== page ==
Visiting monkey-climbing Spaniard who relinquished his European Middleweight Championship to Vic Faulkner at Nottingham Ice Rink in November 1966. He was only in the UK for November and December of that year but his famous loss marks the arrival in the UK of a belt that would be fought over by a whole host of big names from home and abroad over the following 15 years. Unlike many of the legion of overseas visitors Questa provided more than cannon fodder for Britain’s home grown talent. He was a skilful technician capable of giving a master technician such as Alan Colbeck a run for his money.
Portsmouth's heavyweight Danny Quinn came from the Bruno Elrington gym to make it onto the independent circuit of the 1960s.
He was in good company, training alongside Farmer's Boy Ron Night, Cyril Dummer, Bob Kirkwood, Jonny Kowalski, Roger Green, Dave Larsen. Dave Hines, Spiderman Alan Turner, Butcher Mason, and Mick Sullivan. Obviously Big Bruno was doing something right.
Ex Commonwealth champion Mickey Sullivan got in touch with Wrestling Heritage to tell us of his memories of working alongside Danny.
When Mick turned up at Bruno's gym it was Danny Quinn who took him onto the mat and began to teach him the business of professional wrestling. "I learned a great deal from him, I cannot speak highly enough," Mickey told us. Good memories aren't confined to the ring. "He always had time for you; the man to be with, so funny, always joking. He was the man to travel with, you would not stop laughing. I well never forget him." Advertsed in the poster, a Baverstock Promotion, as a former Heavyweight champion of Ireland, Danny shares the bill with the aforementioned Ron Knight and Cyril Dummer, Wrestlers Reunion organiser Frank Rimer and Birmingham's Gordon Corbett. Danny Quinn sadly passed away in July, 2009.
By the late 1970s British wrestling was appearing jaded and in need of a boost. Not a saviour, but it wasn’t for the want of trying, was a twenty stone, leotarded, bearded and solid Canadian, Mighty John Quinn.
Quinn, who had already achieved success in North America, revitalised British wrestling for a short time in his legendary clashes with Kendo Nagasaki, Big Daddy, Tony St Clair and Wayne Bridges.
On Cup Final Day, 1980, one of the most important wrestling events of the year, Quinn stopped Wayne Bridges to take the World Heavyweight title. His wrestling personae was developed very much around the theme of his hatred of the British wrestling fans and vowing to “eat them for breakfast.” One such verbal tirade on television assured him of a place as the most hated wrestler in Britain during the 1980s.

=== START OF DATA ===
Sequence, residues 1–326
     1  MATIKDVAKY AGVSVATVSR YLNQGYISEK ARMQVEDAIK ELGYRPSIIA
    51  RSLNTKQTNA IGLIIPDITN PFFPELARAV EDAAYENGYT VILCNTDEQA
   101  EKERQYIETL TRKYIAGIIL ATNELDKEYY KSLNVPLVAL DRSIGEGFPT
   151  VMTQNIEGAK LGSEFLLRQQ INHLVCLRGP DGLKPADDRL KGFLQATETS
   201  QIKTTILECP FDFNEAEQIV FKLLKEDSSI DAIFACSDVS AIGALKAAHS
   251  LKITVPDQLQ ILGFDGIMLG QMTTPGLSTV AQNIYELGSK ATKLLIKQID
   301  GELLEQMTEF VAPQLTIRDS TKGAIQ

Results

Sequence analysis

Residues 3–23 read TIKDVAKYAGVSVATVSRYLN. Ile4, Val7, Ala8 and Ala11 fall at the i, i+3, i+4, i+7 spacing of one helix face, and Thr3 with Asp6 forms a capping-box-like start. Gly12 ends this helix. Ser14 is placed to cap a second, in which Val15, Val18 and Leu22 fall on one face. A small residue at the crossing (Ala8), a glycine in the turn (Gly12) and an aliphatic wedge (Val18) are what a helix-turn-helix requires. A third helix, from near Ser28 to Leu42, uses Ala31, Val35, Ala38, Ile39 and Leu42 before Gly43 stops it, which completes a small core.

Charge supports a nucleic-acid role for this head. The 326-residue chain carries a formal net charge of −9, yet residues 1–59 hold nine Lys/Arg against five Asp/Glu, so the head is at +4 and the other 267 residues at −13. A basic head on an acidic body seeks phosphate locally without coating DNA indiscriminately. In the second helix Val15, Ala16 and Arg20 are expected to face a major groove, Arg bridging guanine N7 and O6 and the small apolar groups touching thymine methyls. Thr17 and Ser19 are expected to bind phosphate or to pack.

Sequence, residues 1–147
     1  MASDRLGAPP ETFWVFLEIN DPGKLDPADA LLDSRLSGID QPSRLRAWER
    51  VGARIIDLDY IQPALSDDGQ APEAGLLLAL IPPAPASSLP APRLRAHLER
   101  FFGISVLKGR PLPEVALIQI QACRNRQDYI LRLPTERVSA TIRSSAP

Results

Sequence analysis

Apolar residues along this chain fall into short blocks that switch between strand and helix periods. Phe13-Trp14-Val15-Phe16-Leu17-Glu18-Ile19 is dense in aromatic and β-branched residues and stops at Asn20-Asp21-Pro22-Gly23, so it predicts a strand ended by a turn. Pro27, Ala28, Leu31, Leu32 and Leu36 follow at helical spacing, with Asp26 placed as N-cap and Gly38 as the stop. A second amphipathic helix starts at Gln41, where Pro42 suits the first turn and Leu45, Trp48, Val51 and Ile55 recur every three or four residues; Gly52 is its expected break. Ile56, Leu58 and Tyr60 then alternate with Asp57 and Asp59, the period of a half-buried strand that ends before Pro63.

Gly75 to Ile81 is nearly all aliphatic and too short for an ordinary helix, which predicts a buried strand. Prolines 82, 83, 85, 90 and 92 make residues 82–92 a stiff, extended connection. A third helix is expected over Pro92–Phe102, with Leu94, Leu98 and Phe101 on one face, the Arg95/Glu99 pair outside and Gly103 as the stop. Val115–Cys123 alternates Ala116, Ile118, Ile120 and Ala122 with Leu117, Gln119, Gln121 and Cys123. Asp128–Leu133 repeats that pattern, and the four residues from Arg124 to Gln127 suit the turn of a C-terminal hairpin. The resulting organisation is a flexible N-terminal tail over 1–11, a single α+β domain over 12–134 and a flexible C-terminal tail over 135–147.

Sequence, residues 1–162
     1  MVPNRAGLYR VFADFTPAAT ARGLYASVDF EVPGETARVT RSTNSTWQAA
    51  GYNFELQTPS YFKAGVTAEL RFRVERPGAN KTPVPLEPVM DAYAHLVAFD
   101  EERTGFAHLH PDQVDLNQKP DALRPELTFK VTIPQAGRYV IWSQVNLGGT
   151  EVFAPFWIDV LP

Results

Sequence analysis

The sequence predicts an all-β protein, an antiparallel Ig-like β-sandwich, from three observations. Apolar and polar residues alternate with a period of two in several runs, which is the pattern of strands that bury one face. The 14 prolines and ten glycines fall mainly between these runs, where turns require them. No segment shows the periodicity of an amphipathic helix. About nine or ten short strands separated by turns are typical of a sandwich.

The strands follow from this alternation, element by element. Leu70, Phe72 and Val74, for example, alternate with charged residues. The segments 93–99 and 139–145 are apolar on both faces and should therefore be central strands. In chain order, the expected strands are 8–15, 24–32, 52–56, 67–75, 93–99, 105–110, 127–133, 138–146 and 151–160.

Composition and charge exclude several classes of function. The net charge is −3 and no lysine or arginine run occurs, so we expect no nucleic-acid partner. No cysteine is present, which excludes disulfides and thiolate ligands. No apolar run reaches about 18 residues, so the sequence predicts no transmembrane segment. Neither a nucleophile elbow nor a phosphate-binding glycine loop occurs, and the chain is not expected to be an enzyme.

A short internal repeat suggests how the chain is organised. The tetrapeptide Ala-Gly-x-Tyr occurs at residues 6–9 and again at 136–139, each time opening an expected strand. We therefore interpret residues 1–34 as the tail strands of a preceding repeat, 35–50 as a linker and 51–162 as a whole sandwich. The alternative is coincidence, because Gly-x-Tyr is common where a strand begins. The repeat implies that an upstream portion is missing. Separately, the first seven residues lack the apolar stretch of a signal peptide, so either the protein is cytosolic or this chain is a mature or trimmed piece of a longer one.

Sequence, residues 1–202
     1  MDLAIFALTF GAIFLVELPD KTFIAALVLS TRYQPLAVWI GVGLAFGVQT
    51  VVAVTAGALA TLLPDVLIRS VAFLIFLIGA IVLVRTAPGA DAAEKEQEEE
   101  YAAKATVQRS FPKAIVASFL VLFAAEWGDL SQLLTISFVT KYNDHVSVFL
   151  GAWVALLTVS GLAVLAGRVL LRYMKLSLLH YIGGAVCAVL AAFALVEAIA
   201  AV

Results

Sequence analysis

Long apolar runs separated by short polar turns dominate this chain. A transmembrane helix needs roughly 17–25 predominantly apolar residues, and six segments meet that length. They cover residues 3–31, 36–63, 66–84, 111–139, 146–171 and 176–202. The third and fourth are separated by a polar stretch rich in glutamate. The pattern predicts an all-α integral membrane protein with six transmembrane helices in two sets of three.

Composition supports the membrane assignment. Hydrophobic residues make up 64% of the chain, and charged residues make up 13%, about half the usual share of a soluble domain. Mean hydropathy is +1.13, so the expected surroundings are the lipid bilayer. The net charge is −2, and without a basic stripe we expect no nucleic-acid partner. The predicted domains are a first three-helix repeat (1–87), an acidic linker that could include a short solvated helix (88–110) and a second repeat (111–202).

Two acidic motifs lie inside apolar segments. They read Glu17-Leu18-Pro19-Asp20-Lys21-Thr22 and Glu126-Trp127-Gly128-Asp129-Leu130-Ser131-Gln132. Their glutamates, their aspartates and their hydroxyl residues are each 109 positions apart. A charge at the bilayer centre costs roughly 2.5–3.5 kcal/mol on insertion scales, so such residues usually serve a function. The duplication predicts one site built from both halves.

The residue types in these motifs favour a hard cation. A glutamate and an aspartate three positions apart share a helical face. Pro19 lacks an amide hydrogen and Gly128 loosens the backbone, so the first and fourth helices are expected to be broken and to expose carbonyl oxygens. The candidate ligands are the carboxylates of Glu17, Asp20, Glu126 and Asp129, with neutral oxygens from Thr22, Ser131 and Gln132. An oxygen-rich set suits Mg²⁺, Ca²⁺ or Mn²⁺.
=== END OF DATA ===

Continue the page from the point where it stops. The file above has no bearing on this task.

Quinn’s exploits have remained a talking point amongst internet wrestling fans to this day, nearly thirty years later.
East Anglian Steve Quintain was a regular on the independent shows, and later Joint Promotions, of the 1970s. Remarkably Steve is one of the few who has survived and can still be seen in the ring today, mostly for Ricky Knight's WAW Promotions or on his own shows. Even more remarkable are the tatoos that adorn much of his body. Why have two when you can have two hundred? Trained by popular 1960s star Bert Alliday he is a former holder of the Southern Area Lightweight title.
The winter of 1965 saw a flying visit from the Texan villain who provided little resistance against home grown talents. The variety of opponents was wide ranging, from the youthful lighter men like Dave Phillips to the experienced heavier men such as Steve Logan and Gerhardt DeJager. Whoever the opponent the result seemed similar. He seemed to notch up losses with regularity, and was on the wrong end of the decision against Ray Fury, Johnny Kwango, Gerry DeJager, Johnny Czeslaw and Dave Morgan amongst others.
This West Ham window cleaner turned welterweight wrestler for a few fleeting years at the end of the sixties.
His career started slowly; a serious injury falling from a ladder interrupting his livelihood for more than six months after just two bouts. Ironic really as he had started the window cleaning business as a “fall back” if the wrestling career hadn’t worked out.
In those first couple of bouts Gordon, who was a keen motor cyclist, was possibly the first true Hell’s Angel of the ring with his for the time unusual mane, but on his return he quickly evolved into a clean cut crowd favourite.
He regularly worked in the South for a few years, always the promising star but with a dearth of real success, and then quietly disappeared from the scene.